Assault On Precinct 13/Dark Star by Alan Howarth (album review)

This album features music from John Carpenter’s 1976 cult classic ‘Assault On Precinct 13’ and his debut film ‘Dark Star’ from 1974. Given that one film is a police station siege drama and the other is a deep space thriller, it’s probably best that we separate the two films, both originally composed by Carpenter and review them in isolation.


‘Assault On Precinct 13’ is the main attraction so let’s begin with that. For those that haven’t seen the film, it covers a LA street gang that decides to wage war on the police. They start with a small precinct and a depleted police force has to work with some vicious criminals in order to survive.

‘Targets – Ice Cream Man’ which features a melodic jingle jars as it goes against the heavy bass of the first four tracks. As the track progresses, the jingles are joined by the bass and it’s practically terrifying.

Despite the modern re-working, the tracks retain their seventies sound including ‘Well’s Flight’ and title track ‘Assault On Precinct 13’. In fairness, to modernise them would be somewhat sacrilege, as the tone captured the desperate mood perfectly.

‘Dark Star’ is an interesting beast. A cross between drama and comedy, it shows the effects of two decades in deep space and how it can drive someone around the bend.

Featuring lots of computer effects that were probably state-of-the-art back in the seventies, the ‘Dark Star’ portion of the album is a combination of irreverent and reflective, especially in ‘Doolittle’s Solo’.

We drift back to the Carpenter we know and love with ‘Pinback And The Mascot’ which shows the director flexing his dramatic scoring muscles.

‘The Bomb Has Something To Say’ is full of organs and synth and recreate the climax of the film. Finally, ‘Benson Arizona’ by Dominik Hauser is completely out of left field, much like ‘Dark Star’ itself.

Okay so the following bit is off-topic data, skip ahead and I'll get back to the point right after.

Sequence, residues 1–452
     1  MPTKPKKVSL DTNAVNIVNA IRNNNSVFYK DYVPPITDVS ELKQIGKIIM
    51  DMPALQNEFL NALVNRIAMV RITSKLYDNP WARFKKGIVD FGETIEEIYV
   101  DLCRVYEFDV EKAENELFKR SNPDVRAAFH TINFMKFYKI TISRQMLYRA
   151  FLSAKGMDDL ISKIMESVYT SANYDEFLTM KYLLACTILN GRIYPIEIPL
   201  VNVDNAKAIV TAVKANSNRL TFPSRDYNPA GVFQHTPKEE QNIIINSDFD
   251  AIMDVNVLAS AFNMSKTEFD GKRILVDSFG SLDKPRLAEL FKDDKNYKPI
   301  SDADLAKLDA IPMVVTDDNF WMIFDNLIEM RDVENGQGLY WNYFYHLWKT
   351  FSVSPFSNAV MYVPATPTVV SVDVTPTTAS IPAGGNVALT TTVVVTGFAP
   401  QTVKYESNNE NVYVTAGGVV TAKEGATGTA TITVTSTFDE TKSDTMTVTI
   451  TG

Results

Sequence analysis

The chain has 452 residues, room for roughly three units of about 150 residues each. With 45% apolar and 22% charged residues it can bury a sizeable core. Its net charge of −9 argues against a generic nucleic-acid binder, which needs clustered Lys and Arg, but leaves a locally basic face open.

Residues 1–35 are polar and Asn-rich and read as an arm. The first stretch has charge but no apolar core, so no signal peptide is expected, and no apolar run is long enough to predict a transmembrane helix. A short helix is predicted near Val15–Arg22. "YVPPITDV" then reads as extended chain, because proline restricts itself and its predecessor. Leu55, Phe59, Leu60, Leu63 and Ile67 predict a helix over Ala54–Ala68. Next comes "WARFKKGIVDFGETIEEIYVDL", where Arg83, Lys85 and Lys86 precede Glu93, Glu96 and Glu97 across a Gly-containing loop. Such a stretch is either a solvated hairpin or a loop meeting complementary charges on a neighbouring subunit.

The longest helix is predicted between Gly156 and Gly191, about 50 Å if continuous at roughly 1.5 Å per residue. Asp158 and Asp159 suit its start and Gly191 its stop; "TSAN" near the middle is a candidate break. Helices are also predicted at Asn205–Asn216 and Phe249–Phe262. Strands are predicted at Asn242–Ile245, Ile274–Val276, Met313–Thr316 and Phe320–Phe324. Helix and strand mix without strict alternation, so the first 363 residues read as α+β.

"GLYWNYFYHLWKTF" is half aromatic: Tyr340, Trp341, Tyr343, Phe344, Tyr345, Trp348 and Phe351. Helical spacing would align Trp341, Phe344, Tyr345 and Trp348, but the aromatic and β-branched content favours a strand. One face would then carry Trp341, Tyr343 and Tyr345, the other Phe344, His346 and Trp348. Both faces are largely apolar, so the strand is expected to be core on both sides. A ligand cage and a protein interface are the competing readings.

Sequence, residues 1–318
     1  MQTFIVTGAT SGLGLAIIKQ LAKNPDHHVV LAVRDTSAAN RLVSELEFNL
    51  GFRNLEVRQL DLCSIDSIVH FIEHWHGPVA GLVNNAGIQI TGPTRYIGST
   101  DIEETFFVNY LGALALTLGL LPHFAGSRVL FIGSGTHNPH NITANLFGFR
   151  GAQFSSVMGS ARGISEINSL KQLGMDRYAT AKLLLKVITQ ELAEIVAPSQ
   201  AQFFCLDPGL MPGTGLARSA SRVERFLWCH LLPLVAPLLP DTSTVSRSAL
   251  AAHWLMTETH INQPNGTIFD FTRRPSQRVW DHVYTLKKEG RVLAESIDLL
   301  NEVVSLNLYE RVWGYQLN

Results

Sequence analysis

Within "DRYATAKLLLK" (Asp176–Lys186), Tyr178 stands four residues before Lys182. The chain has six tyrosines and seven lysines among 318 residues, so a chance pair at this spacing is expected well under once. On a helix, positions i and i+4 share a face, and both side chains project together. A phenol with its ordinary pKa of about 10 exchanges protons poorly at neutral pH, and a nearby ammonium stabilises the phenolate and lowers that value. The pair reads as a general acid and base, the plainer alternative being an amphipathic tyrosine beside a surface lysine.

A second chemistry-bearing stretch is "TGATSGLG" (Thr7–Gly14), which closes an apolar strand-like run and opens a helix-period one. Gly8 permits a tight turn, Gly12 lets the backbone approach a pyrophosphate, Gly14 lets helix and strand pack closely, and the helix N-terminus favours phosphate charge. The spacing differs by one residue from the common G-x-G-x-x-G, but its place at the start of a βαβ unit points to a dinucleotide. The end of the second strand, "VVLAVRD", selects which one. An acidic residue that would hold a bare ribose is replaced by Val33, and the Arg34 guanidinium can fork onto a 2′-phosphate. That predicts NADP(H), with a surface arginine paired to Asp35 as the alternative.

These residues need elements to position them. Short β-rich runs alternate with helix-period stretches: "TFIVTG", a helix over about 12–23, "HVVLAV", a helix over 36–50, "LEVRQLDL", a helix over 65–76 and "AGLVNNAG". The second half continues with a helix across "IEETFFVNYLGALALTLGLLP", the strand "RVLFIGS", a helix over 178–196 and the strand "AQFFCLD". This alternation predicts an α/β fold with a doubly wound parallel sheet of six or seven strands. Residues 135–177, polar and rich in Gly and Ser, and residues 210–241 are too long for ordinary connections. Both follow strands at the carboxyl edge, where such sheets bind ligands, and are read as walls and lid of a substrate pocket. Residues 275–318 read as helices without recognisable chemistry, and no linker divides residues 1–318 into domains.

Both soundtracks were very difficult to come across for many years so I’m sure John Carpenter fans will rejoice that they have been given a makeover by Alan Howarth.

Howarth is no stranger to Carpenter’s work, having worked with him on ‘Escape From New York’ and ‘Halloween II’. That’s not to say he only knows the big JC’s work. He’s also worked on ‘Star Trek: The Motion Picture’, ‘Poltergeist’, ‘Total Recall’ and this reviewer’s personal favourite, ‘Army Of Darkness’.

Aidan Fortune

October 2012


(pub: BuySoundtrax Records. Digital and CD: 62 mins, 27 tracks. Price: $15.95 (US)

check out website : www.buysoundtrax.com



Once called a "fountain of useless pop culture knowledge", Aidan is an unashamed geek, grateful that he is allowed share his opinions on a global scale. A journalist by trade, Aidan is a massive fan of comics and recently set up a comics group in Brighton in order to engage more with like-minded people. His home is subject to a constant battle of vintage paraphernalia and science fiction & fantasy toys.

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